Bands On Breakups: Somerville Artists Share Their Favorite Sad Songs


Sometimes, love can change your life, affirm your existence, shift your worldview. Sometimes, in the words of the immortal J. Geils Band, love stinks. In case your romantic life is currently trending toward bitter rather than sweet, we asked some of our favorite Somerville-based artists to share their most-played breakup songs with us. Because misery loves company!

Josh Ritter, “New Lover”

“I can’t speak for all of us, but I’m really into [this]!” – Don

The Okay Win
Bob Dylan, “Don’t Think Twice, It’s Alright”

“I used to cover this when I would play solo shows during a very hazy time of my life. While that relationship ultimately worked out though, and we are now happily married, I think this song still hits the nail on the head when it comes to breakups. There’s power in the lyrics, and a sense of optimism that things will be okay.”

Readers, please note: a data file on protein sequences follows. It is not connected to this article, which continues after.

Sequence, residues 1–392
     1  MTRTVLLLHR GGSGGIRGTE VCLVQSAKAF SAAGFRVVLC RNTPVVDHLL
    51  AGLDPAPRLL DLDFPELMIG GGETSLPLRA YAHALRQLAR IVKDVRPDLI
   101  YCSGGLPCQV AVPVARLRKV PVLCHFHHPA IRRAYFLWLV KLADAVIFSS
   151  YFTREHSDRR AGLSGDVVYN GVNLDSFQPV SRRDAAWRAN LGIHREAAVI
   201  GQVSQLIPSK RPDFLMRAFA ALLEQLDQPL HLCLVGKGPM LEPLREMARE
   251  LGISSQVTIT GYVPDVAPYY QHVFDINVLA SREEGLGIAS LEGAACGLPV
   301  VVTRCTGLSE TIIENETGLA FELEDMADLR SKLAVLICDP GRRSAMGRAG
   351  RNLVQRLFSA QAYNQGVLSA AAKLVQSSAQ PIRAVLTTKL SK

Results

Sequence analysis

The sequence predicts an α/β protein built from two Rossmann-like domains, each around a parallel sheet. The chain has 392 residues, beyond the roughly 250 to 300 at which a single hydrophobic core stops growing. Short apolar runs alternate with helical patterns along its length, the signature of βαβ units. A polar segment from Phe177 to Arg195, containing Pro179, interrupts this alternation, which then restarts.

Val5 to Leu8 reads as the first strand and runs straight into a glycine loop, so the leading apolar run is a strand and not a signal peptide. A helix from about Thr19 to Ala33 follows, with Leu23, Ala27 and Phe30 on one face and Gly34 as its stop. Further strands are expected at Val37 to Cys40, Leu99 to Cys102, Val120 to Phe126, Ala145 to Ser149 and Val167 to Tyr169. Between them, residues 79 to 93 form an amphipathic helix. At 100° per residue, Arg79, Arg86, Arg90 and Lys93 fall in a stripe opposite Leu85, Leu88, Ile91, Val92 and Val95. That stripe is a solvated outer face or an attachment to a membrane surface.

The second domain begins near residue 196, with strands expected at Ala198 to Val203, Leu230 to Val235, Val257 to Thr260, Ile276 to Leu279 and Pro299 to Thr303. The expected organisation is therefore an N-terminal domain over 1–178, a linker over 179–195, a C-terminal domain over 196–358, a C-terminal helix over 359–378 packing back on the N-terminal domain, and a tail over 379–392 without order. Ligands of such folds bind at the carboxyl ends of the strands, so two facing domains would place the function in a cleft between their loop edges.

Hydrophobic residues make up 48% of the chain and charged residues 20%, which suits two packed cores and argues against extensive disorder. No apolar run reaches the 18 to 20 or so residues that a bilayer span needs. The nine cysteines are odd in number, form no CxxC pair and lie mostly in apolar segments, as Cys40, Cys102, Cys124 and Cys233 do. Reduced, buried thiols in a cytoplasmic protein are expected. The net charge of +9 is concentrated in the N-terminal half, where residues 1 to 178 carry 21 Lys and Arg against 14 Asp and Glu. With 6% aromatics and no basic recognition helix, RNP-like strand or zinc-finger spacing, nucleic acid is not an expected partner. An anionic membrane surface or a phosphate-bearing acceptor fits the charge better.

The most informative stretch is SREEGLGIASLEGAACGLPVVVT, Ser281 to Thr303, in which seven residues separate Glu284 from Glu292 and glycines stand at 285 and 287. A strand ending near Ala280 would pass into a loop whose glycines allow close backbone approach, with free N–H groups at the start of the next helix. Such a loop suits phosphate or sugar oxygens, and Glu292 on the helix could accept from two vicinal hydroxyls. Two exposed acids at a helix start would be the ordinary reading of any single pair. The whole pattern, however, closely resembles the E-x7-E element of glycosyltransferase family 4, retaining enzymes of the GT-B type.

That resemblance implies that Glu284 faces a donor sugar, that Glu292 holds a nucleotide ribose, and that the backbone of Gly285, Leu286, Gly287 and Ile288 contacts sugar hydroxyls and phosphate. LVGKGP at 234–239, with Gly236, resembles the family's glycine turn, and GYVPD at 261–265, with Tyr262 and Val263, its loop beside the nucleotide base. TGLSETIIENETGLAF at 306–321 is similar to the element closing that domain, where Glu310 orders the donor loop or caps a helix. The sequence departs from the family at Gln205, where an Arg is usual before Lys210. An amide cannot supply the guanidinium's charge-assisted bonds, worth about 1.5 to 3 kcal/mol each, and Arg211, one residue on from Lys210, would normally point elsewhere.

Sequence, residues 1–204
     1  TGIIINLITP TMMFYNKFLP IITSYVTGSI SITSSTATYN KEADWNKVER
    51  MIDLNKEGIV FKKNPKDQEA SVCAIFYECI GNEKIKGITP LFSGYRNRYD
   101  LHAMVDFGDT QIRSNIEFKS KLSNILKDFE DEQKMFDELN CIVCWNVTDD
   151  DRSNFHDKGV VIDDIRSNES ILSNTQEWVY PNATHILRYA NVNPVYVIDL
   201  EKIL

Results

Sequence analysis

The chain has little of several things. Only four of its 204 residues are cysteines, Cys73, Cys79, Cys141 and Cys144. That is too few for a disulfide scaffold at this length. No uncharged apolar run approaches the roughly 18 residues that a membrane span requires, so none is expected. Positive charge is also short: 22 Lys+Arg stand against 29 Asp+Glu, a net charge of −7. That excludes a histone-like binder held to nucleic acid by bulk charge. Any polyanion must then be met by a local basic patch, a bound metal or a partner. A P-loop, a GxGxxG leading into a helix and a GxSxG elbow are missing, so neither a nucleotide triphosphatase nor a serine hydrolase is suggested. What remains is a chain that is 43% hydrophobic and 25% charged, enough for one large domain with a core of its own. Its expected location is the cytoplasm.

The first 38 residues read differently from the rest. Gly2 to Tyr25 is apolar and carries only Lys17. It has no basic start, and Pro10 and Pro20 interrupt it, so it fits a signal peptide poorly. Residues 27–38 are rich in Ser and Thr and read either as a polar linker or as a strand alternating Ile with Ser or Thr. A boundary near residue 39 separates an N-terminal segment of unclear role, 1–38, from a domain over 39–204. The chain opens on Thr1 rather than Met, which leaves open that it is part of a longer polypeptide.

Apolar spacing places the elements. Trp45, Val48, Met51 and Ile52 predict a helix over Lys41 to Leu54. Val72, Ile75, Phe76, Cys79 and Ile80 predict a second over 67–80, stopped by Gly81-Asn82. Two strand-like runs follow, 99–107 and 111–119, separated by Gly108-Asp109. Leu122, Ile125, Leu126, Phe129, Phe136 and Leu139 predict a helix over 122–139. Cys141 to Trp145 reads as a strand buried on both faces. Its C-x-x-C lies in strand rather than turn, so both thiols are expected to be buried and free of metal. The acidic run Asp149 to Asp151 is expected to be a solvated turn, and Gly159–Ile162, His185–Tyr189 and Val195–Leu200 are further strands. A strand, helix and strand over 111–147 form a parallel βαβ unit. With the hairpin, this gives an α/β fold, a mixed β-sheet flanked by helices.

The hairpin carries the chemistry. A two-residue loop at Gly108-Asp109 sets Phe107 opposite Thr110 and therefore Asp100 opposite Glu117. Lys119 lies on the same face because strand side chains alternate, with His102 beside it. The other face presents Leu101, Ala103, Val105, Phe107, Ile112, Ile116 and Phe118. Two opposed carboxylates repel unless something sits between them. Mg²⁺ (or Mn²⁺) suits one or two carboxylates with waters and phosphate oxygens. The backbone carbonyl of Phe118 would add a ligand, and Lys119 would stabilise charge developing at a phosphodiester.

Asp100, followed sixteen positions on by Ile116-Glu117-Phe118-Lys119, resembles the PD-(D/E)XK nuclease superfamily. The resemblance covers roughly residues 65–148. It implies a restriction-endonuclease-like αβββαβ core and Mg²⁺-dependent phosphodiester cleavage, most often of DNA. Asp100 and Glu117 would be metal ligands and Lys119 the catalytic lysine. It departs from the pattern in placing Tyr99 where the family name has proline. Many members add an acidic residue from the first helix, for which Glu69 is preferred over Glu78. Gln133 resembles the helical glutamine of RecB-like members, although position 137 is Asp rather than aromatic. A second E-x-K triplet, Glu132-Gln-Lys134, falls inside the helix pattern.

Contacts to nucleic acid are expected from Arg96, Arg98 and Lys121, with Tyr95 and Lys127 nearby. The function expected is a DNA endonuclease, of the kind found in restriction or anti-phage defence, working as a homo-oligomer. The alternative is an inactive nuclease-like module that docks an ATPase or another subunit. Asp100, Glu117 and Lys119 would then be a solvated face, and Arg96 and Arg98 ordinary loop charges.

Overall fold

Future Spa
The Saints, “Kissin’ Cousins”

“Never date the same relative twice.” – Cody

hot molasses

Hot Molasses

Hot Molasses
The Cure, “Pictures of You”

“It’s a great breakup song because it’s beautiful and painful at the same time and perfectly articulates the feelings you have when remembering lost love.”

Paul Simon, “Graceland”

“I couldn’t explain why any better than the actual lyrics. If they don’t resonate with your broken heart, I don’t know what will.” – Jordan

Kind of Like Spitting, “Worker Bee #7348-F87904”

“The first time I heard this song I was in the midst of a horrible breakup, and it said all of the things I didn’t know how to about the situation I was in.”

the double buscemis

The Double Buscemis

The Double Buscemis
Jeff the Brotherhood, “Prairie Song”

“Because we all want to die sometimes.”

The Durutti Column, “Never Known”

“This song has been a good friend to me during times of intense heartache and always conveyed to me the miasmic state-of-mind that typifies being in love with someone: the extreme vacillations of ecstatic pain and pure despair, the over analysis of feelings from which there really is no sense to be gleaned, the resurgence of childhood emotional needs typically relegated to a part of the mind that is only accessed when in love, etc. The pain is bright, indeed!”